I graduated from James Madison University in 1999 with a B.S. in Psychology and a minor in Statistics. While there, I completed a senior honors thesis on the discriminative stimulus properties of gamma-hydroxybutyric acid (GHB) in rats, a drug commonly used in date rape. This fueled my interest in both behavior analysis and behavioral pharmacology, leading me to pursue both an M.S. (2005) and a PhD (2007) from Auburn University (minor: Statistics). At Auburn, I studied animal models of choice in both bluegill sunfish and rats; my dissertation focused on the effects of external stimuli and psychomotor stimulants on concurrent schedule behavior. I then completed a postdoctoral scholarship in the Neurosciences Department at the Medical University of South Carolina in Charleston, where I studied animal models of substance abuse and relapse.
Prior to joining the Psychology Department at Millersville in 2013, I taught courses at a number of institutions, including Auburn University, the College of Charleston, and Wichita State University. I currently teach General Psychology (PSYC 100), Experimental Design and Statistics I & II (PSYC 211 & 212), Learning and Motivation (PSYC 316), and undergraduate-and graduate-level Physiological Psychology (PSYC 415/515).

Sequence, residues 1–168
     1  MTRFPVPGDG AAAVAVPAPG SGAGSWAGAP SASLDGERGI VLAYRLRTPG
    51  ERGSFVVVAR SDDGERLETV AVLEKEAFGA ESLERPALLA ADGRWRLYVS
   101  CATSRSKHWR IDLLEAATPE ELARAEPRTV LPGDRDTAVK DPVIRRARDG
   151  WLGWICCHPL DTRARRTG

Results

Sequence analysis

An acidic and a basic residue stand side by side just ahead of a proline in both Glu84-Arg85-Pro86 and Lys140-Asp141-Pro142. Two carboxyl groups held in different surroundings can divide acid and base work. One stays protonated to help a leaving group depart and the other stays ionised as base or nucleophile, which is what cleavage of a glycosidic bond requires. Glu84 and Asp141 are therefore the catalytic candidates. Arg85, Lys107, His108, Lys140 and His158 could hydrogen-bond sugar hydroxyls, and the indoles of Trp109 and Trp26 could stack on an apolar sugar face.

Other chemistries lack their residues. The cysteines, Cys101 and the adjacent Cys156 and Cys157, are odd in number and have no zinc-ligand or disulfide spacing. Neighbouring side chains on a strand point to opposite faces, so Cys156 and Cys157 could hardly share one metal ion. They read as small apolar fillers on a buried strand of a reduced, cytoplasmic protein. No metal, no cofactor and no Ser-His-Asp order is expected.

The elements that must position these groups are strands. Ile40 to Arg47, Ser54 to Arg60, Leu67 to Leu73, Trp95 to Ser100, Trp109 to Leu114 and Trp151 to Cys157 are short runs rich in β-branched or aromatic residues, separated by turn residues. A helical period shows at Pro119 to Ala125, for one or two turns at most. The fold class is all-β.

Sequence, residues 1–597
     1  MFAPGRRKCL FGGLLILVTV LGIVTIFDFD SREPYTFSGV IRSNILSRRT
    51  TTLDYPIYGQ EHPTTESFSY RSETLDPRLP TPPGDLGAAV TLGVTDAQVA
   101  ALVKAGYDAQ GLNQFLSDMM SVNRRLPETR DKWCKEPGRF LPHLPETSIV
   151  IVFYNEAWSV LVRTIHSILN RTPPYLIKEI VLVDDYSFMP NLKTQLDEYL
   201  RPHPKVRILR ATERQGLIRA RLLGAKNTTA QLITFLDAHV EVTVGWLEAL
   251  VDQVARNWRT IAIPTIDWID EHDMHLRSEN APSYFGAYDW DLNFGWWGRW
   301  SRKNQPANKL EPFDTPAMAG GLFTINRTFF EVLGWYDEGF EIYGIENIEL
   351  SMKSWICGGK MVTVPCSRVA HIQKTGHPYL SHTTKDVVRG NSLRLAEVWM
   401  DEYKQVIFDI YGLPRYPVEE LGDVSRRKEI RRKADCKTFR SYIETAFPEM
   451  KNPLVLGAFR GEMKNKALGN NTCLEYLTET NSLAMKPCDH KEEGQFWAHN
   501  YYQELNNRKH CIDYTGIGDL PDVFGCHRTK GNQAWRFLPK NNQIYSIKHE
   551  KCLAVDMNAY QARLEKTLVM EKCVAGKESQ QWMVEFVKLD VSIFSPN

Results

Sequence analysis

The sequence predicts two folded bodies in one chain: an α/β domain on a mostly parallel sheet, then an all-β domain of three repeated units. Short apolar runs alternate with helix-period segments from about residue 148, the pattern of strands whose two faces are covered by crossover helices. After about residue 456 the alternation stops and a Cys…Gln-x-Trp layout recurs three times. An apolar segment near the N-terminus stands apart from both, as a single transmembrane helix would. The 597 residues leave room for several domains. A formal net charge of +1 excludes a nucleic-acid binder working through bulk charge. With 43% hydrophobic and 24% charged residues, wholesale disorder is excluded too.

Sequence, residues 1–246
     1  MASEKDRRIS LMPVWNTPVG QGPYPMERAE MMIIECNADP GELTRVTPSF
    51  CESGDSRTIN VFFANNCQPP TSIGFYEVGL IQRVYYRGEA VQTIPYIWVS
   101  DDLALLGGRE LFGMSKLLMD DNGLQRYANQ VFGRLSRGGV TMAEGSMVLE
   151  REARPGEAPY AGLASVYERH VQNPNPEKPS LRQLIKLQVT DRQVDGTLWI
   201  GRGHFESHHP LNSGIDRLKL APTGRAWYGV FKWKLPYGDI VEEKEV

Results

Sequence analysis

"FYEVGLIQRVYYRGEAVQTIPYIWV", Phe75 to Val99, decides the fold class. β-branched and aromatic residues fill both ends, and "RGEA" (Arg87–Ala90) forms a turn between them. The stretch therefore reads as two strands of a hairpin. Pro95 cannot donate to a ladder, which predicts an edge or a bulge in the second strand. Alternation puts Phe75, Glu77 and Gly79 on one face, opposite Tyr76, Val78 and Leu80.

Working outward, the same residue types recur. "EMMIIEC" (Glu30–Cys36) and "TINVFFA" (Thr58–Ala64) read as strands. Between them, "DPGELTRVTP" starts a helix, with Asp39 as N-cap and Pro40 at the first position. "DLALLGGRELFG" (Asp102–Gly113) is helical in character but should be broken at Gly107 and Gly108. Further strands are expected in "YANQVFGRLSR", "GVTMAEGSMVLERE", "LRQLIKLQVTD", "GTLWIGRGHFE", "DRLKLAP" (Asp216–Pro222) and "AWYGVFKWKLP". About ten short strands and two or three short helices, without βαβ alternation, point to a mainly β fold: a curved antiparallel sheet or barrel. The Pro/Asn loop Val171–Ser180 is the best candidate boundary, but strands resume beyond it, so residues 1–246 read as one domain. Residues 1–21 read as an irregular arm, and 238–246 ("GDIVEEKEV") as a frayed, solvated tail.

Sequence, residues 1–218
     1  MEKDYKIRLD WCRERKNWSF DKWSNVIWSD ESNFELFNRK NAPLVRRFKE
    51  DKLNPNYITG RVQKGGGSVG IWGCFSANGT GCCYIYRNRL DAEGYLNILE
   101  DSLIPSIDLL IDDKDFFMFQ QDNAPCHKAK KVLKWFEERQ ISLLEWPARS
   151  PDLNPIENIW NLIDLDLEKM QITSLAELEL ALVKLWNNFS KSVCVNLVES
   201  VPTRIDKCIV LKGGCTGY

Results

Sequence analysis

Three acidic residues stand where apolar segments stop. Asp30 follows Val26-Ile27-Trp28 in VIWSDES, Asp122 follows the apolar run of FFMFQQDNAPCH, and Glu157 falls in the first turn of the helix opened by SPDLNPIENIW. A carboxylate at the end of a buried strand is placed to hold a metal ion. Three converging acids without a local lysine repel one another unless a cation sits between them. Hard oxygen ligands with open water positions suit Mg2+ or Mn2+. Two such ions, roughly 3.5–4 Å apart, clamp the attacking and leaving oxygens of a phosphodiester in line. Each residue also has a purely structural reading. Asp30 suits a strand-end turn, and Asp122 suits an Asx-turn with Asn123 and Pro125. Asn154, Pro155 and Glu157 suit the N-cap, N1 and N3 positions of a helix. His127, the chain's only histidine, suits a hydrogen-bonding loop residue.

My research interests fall under the umbrella of behavioral economics, a field that combines behavior analysis and microeconomics to elucidate how factors such as the availability of alternative reinforcers and delay to reinforcement affect decision making. I am interested in both animal and human models of choice, particularly with respect to health-related behaviors (e.g., fitness, diet, substance abuse).
In my “spare” time, I enjoy running, working out, baking (and eating; yes, these things are all intimately related to one another), reading, watching football, spending time with friends and family, the company of my three kitties, and playing/snuggling with my best buddy, Colby (the sweetest rat terrier you will ever meet).
A list of my scholarly publications can be found here.